NILC’s Immigration Policy Advocate Shares Tips for Coping with Holiday and DACA-related Stress

NILC’s Immigration Policy Advocate Shares Tips for Coping with Holiday and DACA-related Stress

By Ignacia Rodriguez, NILC immigration policy advocate
November 21, 2017

In this week’s podcast episode from the Butterfly Story Collective, DACA recipient Deniss talks about the importance of finding joy and laughter during times of high stress.

Since the 2016 presidential election, I’ve heard more and more people talk about “self-care” and “wellness.” I’ve struggled trying to achieve both since well before the election, so I’ve had to think through what they mean for me, and I hope what I’ve discovered may be helpful to you too.

First, it’s noteworthy that the month of November marks the following:

  • A year since the 2016 elections
  • A year of fighting to protect DACA against real threats
  • Eleven months under the Trump administration
  • Four months of fighting for a clean Dream Act of 2017
  • Two months since the termination of DACA was announced

These markers make wellness and self-care more important than ever. Thanksgiving Day, whether you celebrate with your biological and/or chosen family or not at all, provides a chance to pause and to reenergize for the fight ahead, because December is bound to be a month packed with activism.

Congress must pass a spending bill by December 8 for the federal government to continue operating as normal, and several members of Congress already have stated that they won’t vote for an appropriations bill unless Dream is attached to it.

Congress may delay the process a few days or weeks (as it sometimes does), but it’s currently scheduled to recess for the year on December 22. And as immigrant youth around the country go into this holiday season wondering what their fate will be, some members of Congress seem to be operating based on the March 2018 deadline President Trump gave them to pass a bill that would protect DACA recipients. But the reality is that many people have already lost—and others will lose—their DACA work authorization and protection from deportation well before March.

In addition, negotiations will be underway and compromises in the works. Given the makeup of Congress, we’re unlikely to get a clean Dream Act out of it without a fight, because some members will demand that onerous immigration enforcement provisions be attached to any Dream bill.

Just reading this might make some people anxious, so I’d like to suggest some ways to cope, based on my own experience. Remember, though, nothing can replace the advice and recommendations of mental health professionals. Also, I’ve concluded that when it comes to self-care and wellness, it’s all about finding what’s right for you.

In my case, I realized I couldn’t do it all on my own, so I sought help. I’ve found that hypnotherapy and somatic therapy work best for me, rather than conventional talk therapy. As you seek what’s best for you, here are some other self-care and wellness suggestions to consider:

Take Thanksgiving Day (and the weekend, if possible) to disconnect. Avoid reading the news or worrying about the outside world.

If DACA or Dream comes up in conversation at the Thanksgiving dinner table and you choose to engage, keep these points in mind:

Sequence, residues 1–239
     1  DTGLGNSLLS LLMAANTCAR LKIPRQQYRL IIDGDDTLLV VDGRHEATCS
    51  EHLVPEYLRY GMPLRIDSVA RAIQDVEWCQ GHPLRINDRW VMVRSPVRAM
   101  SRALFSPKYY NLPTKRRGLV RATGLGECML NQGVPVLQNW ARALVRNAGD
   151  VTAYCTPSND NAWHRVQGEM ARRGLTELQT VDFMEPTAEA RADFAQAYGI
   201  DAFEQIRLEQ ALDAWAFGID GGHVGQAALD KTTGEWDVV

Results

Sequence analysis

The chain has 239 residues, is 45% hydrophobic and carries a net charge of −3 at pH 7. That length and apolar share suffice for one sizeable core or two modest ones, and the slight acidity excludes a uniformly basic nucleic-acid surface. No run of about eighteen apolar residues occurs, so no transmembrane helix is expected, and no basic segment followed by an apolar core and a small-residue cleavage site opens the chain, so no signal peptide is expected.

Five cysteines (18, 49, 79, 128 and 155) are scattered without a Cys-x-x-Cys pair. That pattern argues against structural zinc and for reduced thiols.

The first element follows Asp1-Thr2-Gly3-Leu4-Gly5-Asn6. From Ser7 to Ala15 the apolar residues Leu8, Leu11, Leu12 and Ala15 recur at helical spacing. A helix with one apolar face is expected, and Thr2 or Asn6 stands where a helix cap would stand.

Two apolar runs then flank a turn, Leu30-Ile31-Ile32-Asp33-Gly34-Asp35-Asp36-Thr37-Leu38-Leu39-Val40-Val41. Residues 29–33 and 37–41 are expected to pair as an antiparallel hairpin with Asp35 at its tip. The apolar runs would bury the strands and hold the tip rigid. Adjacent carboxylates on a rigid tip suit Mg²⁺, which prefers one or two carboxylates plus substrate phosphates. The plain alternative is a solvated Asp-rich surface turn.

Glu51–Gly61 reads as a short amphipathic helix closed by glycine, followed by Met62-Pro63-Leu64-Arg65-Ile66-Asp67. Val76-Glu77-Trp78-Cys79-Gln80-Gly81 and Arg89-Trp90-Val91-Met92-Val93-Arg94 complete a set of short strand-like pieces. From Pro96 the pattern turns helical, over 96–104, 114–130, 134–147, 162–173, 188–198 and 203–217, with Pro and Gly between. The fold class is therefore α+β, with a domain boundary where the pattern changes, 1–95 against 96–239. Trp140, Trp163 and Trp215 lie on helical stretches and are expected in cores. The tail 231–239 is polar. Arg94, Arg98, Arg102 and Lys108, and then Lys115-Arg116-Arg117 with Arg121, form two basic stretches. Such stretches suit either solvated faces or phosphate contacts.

• Try to stay calm. Breathe. Whenever someone in my family brings up a controversial topic, I count to 30 and if, after that, they’re still on the topic, I weigh in with my careful, calculated opinion. If I’m not in the mood or if they’ve moved on from the topic, I don’t say anything. Instead, I text a trusted friend and vent to them. You know the dynamics of your family best and can decide what method works for you.
  • Find a way to relate to the person raising the topic. Has that person ever wanted something that was unattainable for reasons outside of their control? If they became lawful permanent residents or naturalized citizens after coming to the U.S, was it because of a bill that was passed by Congress? Why not let others have that same opportunity?

Mindfulness exercises. Mindfulness involves being present in the present. You can follow your own breath, or follow a guided meditation. For example, UCLA has mindfulness guided meditation recordings available for free at http://marc.ucla.edu/mindful-meditations.

Visualization:

  • In their responses, our bodies and emotions often don’t differentiate between an actual physical situation and a scenario that we imagine or visualize on purpose—their response to either, whether the scenario is unpleasant or pleasant, is the same. So if you take some time to visualize your favorite place in great detail, you can trick your body and emotions into feeling like you’re there—which provides a break from stress.
  • Visualize your ideal world. During the ten-plus years I’ve been engaged in the Dream fight, there’ve been times when I’ve become skeptical, jaded, and even cynical. It helps to stop and visualize what it is I’m working for, to imagine the world I want to see some day.

Do what makes you happy. Go back and enjoy whatever you loved doing before life got so complicated. For me, it’s music and dance. I’ve been taking dance classes, watching dance videos, and even dancing in my room.

For Deniss, laughter has been a refuge. Whether listening to her father’s jokes over the phone or having fun with friends over some boba tea, Deniss reminds us that it’s important to reconnect with the joyfulness of life, because this is where we find our strength … and we need to stay strong!

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